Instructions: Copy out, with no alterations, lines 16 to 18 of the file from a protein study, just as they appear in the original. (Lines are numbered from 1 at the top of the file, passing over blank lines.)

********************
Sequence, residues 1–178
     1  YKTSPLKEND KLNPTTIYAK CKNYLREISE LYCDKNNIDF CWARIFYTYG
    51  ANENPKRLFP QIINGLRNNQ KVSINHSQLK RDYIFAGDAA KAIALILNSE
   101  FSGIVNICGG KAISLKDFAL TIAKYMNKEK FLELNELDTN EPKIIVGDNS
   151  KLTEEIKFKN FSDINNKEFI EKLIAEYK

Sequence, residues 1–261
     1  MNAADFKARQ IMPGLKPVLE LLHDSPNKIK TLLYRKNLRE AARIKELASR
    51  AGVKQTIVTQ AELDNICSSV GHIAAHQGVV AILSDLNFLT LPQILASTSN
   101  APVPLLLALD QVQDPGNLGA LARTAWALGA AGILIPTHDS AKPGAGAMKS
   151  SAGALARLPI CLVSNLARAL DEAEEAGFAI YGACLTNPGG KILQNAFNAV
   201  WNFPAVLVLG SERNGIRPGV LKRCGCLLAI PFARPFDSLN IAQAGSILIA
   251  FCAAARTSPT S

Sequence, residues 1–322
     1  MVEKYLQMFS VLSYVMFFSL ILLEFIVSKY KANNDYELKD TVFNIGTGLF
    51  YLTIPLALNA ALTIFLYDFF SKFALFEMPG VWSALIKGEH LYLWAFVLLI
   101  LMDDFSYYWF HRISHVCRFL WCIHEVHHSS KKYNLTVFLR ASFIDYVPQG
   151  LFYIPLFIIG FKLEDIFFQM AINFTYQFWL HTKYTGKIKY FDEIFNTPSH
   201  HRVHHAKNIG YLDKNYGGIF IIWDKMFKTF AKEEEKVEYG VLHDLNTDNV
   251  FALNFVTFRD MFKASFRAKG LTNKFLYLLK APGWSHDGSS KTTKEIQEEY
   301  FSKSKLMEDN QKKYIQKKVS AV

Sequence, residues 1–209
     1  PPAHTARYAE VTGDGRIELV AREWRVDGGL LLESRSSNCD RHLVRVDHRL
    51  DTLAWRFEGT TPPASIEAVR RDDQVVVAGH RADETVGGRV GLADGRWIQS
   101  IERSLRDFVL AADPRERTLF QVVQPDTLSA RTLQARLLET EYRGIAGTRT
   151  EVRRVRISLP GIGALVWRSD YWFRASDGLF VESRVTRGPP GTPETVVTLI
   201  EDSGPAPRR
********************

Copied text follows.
   101  LMDDFSYYWF HRISHVCRFL WCIHEVHHSS KKYNLTVFLR ASFIDYVPQG
   151  LFYIPLFIIG FKLEDIFFQM AINFTYQFWL HTKYTGKIKY FDEIFNTPSH
   201  HRVHHAKNIG YLDKNYGGIF IIWDKMFKTF AKEEEKVEYG VLHDLNTDNV